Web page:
Upcoming Webinars Archived Webinars Training Vitals Host A Webinar About Get Updates Contact

Earlier Detection Of Foodborne Pathogens Using Nanoparticle Biosensor


E. coli

Since even small numbers of pathogenic bacteria can cause illness, it’s important to be able to detect them at low levels.

Share this!

June 21, 2016 | by Sarah Massey, M.Sc.

While food manufacturers perform microbiological testing on their products to ensure they are safe to eat, foodborne pathogens are commonly identified only when individuals become ill. Earlier detection using nanoflower-based biosensors could help prevent cases of foodborne illness, as well as reduce costs associated with food recalls.

Since even small numbers of pathogenic bacteria can cause illness, it’s important to be able to detect them at low levels. Unfortunately, most currently-available biosensors are unable to detect the minute chemical signals released by pathogenic microorganisms.

Researchers at Washington State University think they’ve solved this problem by developing a nanoflower biosensor that can amplify signals from the food pathogen, Escherichia coli O157:H7. Their research was published in the journal, Small.

The biosensor uses a flower-shaped nanoparticle composed of both inorganic and organic compounds. The biosensor is capable of retaining a high level of enzyme activity to detect antigens produced by the diarrhea-causing Escherichia coli O157:H7.

The arrangement of the nanoparticles into a flower shape was no accident; the molecules are arranged like petals on a flower to allow for immobilization of the enzymes used to detect foodborne pathogens at very low levels. By amplifying the chemical signals emitted by the E. coli strain using the nanoparticle biosensor, the researchers found that the bacteria could be detected using a standard pH meter or pH strips.

“We want to take these nanoflowers and create a simple-to-use, handheld device that anyone can use anywhere,” said Yuehe Lin, a professor in WSU's School of Mechanical and Materials Engineering. “It'll be as simple as using a pregnancy test strip or a glucose meter.”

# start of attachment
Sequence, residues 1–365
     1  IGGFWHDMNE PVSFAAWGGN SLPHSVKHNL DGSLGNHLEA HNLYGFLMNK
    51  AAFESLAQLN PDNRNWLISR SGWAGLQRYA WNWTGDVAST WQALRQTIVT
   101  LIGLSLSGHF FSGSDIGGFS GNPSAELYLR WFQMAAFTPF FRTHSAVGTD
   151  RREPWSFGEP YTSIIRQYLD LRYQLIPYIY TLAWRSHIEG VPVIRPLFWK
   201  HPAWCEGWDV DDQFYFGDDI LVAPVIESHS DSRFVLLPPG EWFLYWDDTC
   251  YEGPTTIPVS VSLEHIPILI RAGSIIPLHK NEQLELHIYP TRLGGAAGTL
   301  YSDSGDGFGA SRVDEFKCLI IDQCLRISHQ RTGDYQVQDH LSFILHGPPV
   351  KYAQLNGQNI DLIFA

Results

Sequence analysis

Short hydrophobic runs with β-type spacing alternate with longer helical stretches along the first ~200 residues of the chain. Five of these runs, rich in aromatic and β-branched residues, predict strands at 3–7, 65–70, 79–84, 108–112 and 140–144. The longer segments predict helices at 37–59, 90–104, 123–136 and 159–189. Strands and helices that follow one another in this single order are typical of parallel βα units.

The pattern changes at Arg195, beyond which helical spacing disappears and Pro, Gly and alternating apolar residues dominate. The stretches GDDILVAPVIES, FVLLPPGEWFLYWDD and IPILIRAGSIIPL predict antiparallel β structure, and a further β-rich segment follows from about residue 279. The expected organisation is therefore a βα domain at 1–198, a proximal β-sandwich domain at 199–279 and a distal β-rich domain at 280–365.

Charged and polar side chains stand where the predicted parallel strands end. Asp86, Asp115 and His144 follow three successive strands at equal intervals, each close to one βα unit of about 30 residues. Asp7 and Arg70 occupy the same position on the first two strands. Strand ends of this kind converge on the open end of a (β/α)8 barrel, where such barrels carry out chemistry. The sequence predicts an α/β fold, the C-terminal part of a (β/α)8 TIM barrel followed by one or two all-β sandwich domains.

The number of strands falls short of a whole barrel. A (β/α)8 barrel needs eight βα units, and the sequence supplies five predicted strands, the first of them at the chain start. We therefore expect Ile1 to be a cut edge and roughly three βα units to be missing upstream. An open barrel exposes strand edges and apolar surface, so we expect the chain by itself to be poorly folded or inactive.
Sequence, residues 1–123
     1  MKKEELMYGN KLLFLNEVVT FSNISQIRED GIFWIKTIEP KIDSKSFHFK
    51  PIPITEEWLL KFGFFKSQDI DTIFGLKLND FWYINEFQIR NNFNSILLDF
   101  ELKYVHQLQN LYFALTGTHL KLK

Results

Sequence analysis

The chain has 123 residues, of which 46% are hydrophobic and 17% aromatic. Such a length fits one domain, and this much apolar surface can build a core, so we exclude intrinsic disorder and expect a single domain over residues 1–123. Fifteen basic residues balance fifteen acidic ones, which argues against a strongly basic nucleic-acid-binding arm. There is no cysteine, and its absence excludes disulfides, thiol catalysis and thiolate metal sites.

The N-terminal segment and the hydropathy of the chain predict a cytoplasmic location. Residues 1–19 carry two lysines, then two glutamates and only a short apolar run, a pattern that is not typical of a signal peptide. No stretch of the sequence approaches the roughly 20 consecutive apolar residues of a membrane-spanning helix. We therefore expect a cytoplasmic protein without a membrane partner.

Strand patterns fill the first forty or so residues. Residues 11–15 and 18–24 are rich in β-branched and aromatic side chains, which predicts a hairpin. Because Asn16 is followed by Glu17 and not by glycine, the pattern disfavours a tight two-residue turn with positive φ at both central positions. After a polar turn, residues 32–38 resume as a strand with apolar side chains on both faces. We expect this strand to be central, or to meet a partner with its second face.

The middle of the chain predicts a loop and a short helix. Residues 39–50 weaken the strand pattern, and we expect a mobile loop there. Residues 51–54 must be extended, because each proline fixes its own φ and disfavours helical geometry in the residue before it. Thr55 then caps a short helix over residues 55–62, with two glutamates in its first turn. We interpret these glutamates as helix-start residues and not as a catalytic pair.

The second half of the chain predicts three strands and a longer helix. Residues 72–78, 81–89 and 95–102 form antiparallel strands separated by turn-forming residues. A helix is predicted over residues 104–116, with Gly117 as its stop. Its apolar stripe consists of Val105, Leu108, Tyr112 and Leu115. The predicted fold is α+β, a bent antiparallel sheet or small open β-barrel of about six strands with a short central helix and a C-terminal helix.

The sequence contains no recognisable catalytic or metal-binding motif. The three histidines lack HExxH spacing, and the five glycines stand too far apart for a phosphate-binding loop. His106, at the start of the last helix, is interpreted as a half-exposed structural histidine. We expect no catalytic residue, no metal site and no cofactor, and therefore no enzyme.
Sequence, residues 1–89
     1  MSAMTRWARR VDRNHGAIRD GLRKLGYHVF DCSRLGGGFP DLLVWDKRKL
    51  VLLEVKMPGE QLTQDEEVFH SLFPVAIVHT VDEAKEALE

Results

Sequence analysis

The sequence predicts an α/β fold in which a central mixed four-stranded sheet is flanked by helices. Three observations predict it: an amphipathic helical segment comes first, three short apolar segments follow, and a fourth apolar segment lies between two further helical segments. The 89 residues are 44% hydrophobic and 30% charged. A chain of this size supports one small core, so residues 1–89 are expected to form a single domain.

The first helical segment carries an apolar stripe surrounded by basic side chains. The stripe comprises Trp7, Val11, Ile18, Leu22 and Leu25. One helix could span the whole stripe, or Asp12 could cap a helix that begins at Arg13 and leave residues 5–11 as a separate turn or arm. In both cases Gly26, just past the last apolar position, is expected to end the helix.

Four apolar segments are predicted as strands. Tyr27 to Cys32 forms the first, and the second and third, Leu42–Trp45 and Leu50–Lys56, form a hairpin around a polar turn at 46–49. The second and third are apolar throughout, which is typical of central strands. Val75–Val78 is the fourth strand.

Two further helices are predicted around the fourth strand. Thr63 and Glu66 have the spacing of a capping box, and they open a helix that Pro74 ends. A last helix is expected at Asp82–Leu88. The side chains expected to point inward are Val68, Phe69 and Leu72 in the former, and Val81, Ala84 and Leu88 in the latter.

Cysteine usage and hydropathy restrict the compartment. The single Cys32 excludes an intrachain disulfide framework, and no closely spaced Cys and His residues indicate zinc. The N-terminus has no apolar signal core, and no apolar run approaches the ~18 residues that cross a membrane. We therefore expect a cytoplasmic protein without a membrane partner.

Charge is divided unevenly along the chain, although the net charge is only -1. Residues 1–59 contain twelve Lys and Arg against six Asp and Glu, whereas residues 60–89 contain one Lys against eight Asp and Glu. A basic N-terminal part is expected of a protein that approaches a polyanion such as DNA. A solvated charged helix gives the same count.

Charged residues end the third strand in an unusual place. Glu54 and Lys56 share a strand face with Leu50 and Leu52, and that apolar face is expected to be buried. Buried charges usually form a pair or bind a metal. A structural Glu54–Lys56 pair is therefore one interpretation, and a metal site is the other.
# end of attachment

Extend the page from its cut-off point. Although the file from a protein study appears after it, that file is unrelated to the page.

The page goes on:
In light of their promising results, the researchers have filed a patent for the technology and are planning to develop biosensors capable of detecting other dangerous food pathogens, including Salmonella.

Tweet: 31 #foodbornepathogens contribute to 48 million cases of illness in US http://ctt.ec/tZcH9+

There are 31 known foodborne pathogens which contribute to the 48 million cases of foodborne illness in the US every year. Just eight of these pathogens are responsible for the majority of the 3,000 foodborne illness-related deaths that occur in the US each year.

Keywords: Food Safety, Nanoparticle, Biosensor


Share this with your colleagues!

Lavazza Acquires Controlling Stake in Canada’s Kicking Horse Coffee

May 26, 2017 - Italian coffee company Lavazza, has secured an 80 percent equity stake in Canadian organic and fair-trade coffee company Kicking Horse Coffee, in a deal worth CAD$215 million.

Featured In: Food News

FDA First: Keytruda Approved for Cancer Treatment Based on Biomarker Alone

May 25, 2017 - For the first time, the FDA has approved a cancer treatment for solid tumors based on the presence of a biomarker, as opposed to specifying a tissue of origin.

Featured In: Biotech News

One Year of Medically Assisted Dying in Canada

May 25, 2017 - In June of 2016, the federal government of Canada passed legislation to legalize medically assisted dying.

Featured In: Life Science News


Top 5 Most Impactful Tweets in Life Sciences During the Last Week


EU IVD Regulation: Top Five Changes for Medical Device Manufacturers to Consider

Thermal Processing Systems for the Food Industry: A Guide to Selecting Thermal Equipment and Technology

Rare Disease & Orphan Drug Development: Cost-Efficient Trial Design to Minimize Cash Burn

eTMF Workflows: Active eTMF to Improve the Quality of Clinical Trials

Copyright © 2016-2017 Honeycomb Worldwide Inc.